State receives no bids for sixth mini-casino license

No other auctions will be held — unless there's a change in state law.

  • Ed Mahon

(Harrisburg) — It looks like Pennsylvania will have no more than five mini-casinos for the foreseeable future.

Last year, the Pennsylvania Gaming Control Board successfully auctioned of mini-casino license rights five times and raised $127 million. Those smaller casinos can offer up to 750 slot machines and eventually up to 40 table games.

On Wednesday morning, the board held one last auction for the right to apply for a mini-casino license in Pennsylvania.

Officials put out two boxes: one wrapped in yellow paper to collect bids, and another wrapped in red to collect names of locations bidders wanted to open the mini-casino.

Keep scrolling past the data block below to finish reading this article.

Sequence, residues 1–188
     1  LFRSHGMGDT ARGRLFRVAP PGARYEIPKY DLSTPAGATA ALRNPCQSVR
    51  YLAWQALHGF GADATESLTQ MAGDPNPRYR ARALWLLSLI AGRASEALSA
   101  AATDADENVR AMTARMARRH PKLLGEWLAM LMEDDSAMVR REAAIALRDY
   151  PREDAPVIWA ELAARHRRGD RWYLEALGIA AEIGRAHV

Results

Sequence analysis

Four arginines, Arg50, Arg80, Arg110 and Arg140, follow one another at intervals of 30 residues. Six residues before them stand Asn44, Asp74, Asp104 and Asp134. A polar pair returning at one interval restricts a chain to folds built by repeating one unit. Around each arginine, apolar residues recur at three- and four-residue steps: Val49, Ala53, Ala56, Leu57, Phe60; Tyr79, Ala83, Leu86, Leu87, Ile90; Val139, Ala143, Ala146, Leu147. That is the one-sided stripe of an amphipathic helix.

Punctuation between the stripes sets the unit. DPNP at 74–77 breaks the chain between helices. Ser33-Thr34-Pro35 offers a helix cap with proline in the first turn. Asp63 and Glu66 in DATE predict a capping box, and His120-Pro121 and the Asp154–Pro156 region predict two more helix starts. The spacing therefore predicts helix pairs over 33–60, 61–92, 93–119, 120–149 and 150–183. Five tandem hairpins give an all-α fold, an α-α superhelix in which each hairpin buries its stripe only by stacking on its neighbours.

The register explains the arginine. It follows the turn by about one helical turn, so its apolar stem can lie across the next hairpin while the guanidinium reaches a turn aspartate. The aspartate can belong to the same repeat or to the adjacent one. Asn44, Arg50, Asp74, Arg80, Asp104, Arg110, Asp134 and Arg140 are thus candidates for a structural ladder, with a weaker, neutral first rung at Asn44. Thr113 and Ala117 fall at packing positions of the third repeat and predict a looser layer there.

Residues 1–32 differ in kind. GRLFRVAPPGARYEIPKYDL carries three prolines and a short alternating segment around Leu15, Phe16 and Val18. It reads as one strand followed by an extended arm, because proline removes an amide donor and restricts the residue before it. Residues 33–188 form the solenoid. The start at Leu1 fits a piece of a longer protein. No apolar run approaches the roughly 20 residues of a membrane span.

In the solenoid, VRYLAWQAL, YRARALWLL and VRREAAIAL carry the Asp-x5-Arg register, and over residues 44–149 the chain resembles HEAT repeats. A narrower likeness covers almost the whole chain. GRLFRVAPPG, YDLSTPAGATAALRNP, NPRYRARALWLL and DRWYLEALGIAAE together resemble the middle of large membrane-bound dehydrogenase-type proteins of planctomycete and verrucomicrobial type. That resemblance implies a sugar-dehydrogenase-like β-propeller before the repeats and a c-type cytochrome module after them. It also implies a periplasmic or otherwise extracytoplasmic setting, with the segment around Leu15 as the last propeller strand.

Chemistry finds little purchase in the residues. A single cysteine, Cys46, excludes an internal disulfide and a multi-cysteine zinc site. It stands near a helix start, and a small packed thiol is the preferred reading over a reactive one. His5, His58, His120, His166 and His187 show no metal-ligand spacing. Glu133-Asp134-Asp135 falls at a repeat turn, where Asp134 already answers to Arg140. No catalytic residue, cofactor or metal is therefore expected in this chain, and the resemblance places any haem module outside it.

But no one added any envelopes to the boxes.

Earlier, a spokesman for the House Republican Caucus said lawmakers wanted the board to host another auction to see if there was any interest, and if not, to formally end the mini-casino process.

State lawmakers approved the creation of mini-casinos in 2017 as a way to balance the state budget. Up to 10 mini-casino licenses were available.

Doug Harbach, a spokesperson for the Pennsylvania Gaming Control Board, said no more auctions will take place without a change in state law.

Mini-casino plans in Berks and Westmoreland counties are the furthest along in the process and could open next year. Other mini-casinos are planned for Cumberland, Beaver and York counties.

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